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baptist bible college & seminary
Table of Contents 3 The Campus Experience: I appreciate what a difficult job parents face as they guide children in how to make wise choices. Those choices span so many areas—friends, entertainment and media, health and nutrition, the proper response to victories and disappointments … and the list goes on. Most importantly, parents must help their children make wise choices in how they will exercise their personal faith, both now and in the future. Another vital choice is whether, and where, to pursue a college education. We hope this issue of Getting You Ready will help. Inside, you will find practical articles that will provide information about higher education. We recognize finances as an important component of that choice. Please read Is a College Degree Worth the Investment? to learn what recent studies have indicated about the value of a college degree. You will also appreciate the articles about scholarships, accreditation, and how to save money by earning college credits while still in high school. We also want to demonstrate why a Christian college like Maranatha is a special place, and why our students gain valuable experiences that can’t be duplicated anywhere else. Our sincere prayer is that God will give you wisdom. Our sincere hope is that Getting You Ready will provide information that will help you and your young adult make that vital decision. In His Service,
It Can’t be Replaced
6 More than you Expect 7 Is a College Degree Worth
10 Calendar for the College-Bound 11 The Lord Provides Maranatha Scholarships
13 Regional Accreditation:
The Right Question to Ask
14 How to Get a Head Start
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Writer/Editor Andy Call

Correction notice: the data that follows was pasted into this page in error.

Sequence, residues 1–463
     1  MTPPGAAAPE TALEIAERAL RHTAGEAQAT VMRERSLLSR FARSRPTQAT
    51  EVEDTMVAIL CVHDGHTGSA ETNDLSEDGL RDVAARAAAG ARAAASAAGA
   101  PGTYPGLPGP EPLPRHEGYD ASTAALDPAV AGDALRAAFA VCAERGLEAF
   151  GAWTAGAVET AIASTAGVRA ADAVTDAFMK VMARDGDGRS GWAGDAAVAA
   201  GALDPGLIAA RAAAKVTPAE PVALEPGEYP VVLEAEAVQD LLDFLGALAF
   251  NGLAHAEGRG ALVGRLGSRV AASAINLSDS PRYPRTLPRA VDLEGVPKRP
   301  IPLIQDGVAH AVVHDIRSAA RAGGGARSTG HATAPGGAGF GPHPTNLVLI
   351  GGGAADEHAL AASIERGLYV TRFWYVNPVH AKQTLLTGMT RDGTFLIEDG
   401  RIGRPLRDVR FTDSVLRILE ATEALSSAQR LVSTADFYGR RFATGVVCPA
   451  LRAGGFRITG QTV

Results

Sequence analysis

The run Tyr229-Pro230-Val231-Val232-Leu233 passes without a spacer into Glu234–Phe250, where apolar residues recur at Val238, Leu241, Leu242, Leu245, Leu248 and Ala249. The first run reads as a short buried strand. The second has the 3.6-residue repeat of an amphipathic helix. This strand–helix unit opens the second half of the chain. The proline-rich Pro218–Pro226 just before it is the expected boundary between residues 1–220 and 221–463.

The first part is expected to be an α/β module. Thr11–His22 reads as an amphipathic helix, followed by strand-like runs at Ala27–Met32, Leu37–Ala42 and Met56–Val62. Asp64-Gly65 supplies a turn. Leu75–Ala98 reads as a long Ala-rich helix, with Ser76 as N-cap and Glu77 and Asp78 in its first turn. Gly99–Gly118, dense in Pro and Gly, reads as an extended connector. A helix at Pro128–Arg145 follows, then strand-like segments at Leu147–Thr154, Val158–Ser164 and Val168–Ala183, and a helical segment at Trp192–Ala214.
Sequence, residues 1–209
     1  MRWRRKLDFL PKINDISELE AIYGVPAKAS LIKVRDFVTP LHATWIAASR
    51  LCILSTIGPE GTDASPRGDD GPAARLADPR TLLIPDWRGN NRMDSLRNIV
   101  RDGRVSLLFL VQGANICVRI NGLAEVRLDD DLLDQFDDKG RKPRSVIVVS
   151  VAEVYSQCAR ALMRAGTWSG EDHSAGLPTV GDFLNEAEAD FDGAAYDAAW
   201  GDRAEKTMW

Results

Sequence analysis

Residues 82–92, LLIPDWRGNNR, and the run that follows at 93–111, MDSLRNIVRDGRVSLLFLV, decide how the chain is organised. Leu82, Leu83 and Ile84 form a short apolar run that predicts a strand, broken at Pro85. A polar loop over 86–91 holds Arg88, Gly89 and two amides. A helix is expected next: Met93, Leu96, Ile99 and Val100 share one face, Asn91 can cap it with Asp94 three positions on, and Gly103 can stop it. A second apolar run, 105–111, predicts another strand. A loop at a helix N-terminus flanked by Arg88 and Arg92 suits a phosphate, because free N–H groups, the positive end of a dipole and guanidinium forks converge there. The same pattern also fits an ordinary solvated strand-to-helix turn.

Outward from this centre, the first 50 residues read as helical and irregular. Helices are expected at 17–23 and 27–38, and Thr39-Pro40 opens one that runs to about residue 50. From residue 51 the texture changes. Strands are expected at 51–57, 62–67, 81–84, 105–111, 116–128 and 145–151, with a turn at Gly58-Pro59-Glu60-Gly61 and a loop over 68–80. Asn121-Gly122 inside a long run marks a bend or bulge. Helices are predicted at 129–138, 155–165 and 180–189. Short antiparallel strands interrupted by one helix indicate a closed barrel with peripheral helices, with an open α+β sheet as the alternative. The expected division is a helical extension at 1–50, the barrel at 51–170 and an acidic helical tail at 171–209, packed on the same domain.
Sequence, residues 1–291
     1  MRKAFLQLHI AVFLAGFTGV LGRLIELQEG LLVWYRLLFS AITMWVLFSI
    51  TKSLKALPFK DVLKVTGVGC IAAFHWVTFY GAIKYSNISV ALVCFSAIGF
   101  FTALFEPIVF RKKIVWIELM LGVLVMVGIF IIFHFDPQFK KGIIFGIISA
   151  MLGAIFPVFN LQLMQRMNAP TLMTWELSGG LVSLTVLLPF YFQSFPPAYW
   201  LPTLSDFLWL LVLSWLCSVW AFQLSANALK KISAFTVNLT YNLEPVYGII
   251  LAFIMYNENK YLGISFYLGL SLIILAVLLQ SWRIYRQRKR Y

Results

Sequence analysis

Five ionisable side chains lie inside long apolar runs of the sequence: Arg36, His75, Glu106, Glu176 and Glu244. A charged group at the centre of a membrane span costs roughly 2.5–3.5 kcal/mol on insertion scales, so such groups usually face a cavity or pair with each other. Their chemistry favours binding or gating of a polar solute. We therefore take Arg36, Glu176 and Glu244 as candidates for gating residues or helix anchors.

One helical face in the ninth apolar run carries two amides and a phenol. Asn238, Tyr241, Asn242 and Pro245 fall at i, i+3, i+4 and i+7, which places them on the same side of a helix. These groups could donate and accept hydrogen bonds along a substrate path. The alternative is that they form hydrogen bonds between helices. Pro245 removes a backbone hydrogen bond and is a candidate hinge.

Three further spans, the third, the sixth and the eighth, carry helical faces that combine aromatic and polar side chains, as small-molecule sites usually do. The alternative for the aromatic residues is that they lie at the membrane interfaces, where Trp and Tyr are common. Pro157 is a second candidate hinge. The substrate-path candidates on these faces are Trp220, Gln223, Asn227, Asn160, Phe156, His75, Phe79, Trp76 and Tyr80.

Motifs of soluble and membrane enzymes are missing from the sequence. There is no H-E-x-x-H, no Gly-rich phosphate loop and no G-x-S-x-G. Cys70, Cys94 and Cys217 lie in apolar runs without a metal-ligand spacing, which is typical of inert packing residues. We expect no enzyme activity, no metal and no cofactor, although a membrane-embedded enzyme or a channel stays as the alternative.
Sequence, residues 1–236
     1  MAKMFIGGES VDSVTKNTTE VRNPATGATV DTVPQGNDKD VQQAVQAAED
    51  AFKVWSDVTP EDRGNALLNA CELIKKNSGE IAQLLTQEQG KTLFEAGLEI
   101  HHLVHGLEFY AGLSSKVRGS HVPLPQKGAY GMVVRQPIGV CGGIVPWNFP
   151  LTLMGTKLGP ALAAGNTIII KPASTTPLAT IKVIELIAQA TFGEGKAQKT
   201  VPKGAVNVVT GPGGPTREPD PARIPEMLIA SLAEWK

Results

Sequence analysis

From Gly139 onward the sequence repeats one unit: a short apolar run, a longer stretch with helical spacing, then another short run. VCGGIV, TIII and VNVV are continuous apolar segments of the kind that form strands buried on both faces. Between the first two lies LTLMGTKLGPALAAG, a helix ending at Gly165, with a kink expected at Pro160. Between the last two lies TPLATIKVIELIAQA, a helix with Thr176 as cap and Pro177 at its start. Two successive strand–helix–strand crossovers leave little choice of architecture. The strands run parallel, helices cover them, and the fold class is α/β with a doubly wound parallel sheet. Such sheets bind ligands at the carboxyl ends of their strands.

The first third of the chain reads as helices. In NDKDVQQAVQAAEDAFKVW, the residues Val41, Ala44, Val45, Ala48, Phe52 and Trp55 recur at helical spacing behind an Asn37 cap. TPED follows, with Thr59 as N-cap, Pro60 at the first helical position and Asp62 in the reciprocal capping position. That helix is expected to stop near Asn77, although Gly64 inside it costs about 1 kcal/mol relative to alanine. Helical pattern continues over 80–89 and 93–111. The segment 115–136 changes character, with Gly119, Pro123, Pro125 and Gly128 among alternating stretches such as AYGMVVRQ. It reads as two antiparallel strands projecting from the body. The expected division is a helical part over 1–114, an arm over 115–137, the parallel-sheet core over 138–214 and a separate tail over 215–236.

Getting You Ready, Volume 8
Communications Director Peter Wright
Executive Editor Dr. Jim Harrison
Dr. Jim Harrison Vice President for Institutional Advancement
Director of Photography Tim Mielke
Graphic Artist Kristina Hendrickson Contributing Photographer Nathan Brewer, Julie Ruter Vickie Turner
Getting You Ready is a college guide produced by Maranatha Baptist Bible College. Correspondence and address changes may be sent to Getting You Ready, 745 West Main Street, Watertown, WI 53094. You may also email us at email@example.com or call 1-800-MBBC-WIS. © 2013 Maranatha Baptist Bible College & Seminary. All rights reserved. MARANATHA COMMUNICATIONS 13-013
CAMPUS EXPERIENCE: It Can’t be Replaced
yle Kutz never wanted to be a typical “commuter student.”
“I wanted the ‘college experience,’ not just to climb into my car and drive home after class,” Kyle said. “I have had people ask me, ‘Why do you do all of this? You can just go home.’ I’ve learned that the time I invest in other people is way more important than just creating time for another part-time job. What I’m getting is an education in relationships.” The junior Accounting (CPA) major at Maranatha drives 25 miles to campus from Cambridge, WI, every morning but rarely drives home until late in the evening. He is too busy playing on the soccer and basketball teams, helping organize activities as student body vice president, and singing in an a capella group as well as Tonal Defenders, a vocal music group made up of soccer players. The lessons Kyle has learned about relationships, leadership, and involvement are not unique among
Maranatha students. The College has long promoted these ideals as an important facet of spiritual development. The Student Life Office has intentionally set up a leadership structure that can involve hundreds of students in vital roles in their residence halls, classes, and student societies. That structure, coupled with the students’ passion for service, creates a unique campus experience that students love. “It was time for me to grow up, make decisions, and rely on God in those moments,” said Audrey Smiley, a junior Cross Cultural Studies major from Paulding, OH. “If I had lived at home and gone to a community college, I never would have grown in the ways I’ve grown here. There were lessons God needed to teach me in an environment that is focused on Him.” Many parents are examining community colleges and other higher education options as a cheaper alternative.